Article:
Abraham Lincoln ran using the image of himself as a frontiersman.
And while he and his family lived in Springfield, Illinois, he kept a frontier dog named Fido.
He was a mid-sized, yellow-colored dog that looked something like a small Labrador retriever.
Many have conjectured about what his breed was, but mid-sized yellow dogs from that region at that time in history could only be one thing: Fido was a cur.
More specifically he was part of the cur landrace that range from the Appalachians to the Ohio Valley into the lower parts of the Midwest. This is the gene from which the now-standardizing mountain cur breed is derived.
Curs were not and are not mongrels. They are multi-purpose farm dogs that had a great utility in parts of British Isles. When they arrived in America, they were used hunting and herding, and bloodlines that included German and Dutch dogs mixed with those British and Irish curs. A few strains may even have a bit of Native American dog sprinkled in, and in some other strains of cur, like the Lacy dog of Texas, wolf ancestry is often claimed.
Fido was not a working dog of any sort. He was a beloved house pet. He often accompanied Lincoln as he walked the streets of Springfield, often carrying a newspaper in his mouth. He occasionally engaged the time tested canine activity of tail chasing. When Lincoln stopped by the barber for a trim, the Fido would wait on him outside the shop.
So loved was Fido that Lincoln gave him a rolling horsehair sofa on which he could lounge. Not bad work for a cur.
Lincoln deeply loved Fido, but when he was elected president in 1860, he decided to leave Fido with friends in Springfield. Lincoln was going to arrive in Washington, D.C., via train, and as his train went through the various towns, church bells and cannons were going to be fired.
Poor Fido was gun shy, and he doubted that he would enjoy the trip that much at all.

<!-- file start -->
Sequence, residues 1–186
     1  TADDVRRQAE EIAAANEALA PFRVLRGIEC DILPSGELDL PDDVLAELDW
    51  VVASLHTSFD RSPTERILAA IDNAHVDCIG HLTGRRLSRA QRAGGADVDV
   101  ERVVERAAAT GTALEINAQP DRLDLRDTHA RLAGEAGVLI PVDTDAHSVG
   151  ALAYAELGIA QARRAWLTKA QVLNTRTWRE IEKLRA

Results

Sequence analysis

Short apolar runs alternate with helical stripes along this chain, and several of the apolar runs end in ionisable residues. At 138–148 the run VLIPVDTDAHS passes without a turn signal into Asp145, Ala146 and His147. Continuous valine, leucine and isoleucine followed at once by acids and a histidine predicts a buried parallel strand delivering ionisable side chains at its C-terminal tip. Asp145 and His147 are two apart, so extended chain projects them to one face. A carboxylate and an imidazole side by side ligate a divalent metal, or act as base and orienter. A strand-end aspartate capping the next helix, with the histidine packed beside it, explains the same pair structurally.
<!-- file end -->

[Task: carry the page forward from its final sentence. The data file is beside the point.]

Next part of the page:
Because Fido enjoyed playing with the LIncoln children, it was decided that Fido should stay with the Roll family. The Rolls had two young boys that would give Fido all the attention he needed. According the Poodle and Dog Blog, the Rolls were given the following instructions for caring for Fido:
- He was not to be scolded for entering the house with muddy paws.
- He was not to be tied up alone in the backyard.
- He was to be allowed into the Roll home whenever he scratched at the front door.
- Since he was accustomed to being fed by members of the family during mealtime, he was to be admitted to the dining room during those times.
I don’t know of too many curs on the frontier who got that kind of attention or were given those special privileges.
Fido lived with the Rolls while Lincoln was in Washington. However, poor Fido met as tragic a fate as his master. Within a year of Lincoln’s assassination, a drunken man stabbed him to death.
Such a terrible fate for such a great dog.
One strain of cur, developed in Kentucky, often produces yellow dogs that look so much like Fido. It is called Mountain View Cur. From the photos on its breed club’s website, many of these dogs look a lot like Fido.
I don’t know why curs are not more celebrated in our national history. These dogs were ubiquitous on the frontier, and in some parts of the country, they are quite common.
They are not standardized breeds in the way that AKC dogs are. That’s probably how the term cur got confused with a randomly-bred dogs. They are also not specialized in the way many working breeds are and didn’t really fit into the culture of stock dog trials or coonhound night hunts.
They were the dogs that the settlers knew. Natural selection and the necessity of having a versatile dog on the frontier drove their breeding.
It is only recently that they have begun to standardize into distinct breeds, which is a mixed blessing. As standardized breeds, they may be recognized and appreciated more fully in their country of origin, but also as standardized breeds, they will cease to exist within the framework that maintained them as a working landrace.
I have always admired these dogs. My neighbor growing up had one that he used as a coonhound, and he was a tough little dog.
I have often thought that if West Virginia should ever need to declare a state dog, it should be the Mountain Cur. This was he dog of the mountaineer, the frontiersman, while the foxhound remained mostly the purview of the Tidewater Tuckahoes in the Old Dominion. Virginia’s state dog is the foxhound, and our should be a true creature of the mountains.
For they are every bit as much a part of the wildness that was once the frontier as black bears and coonskin caps.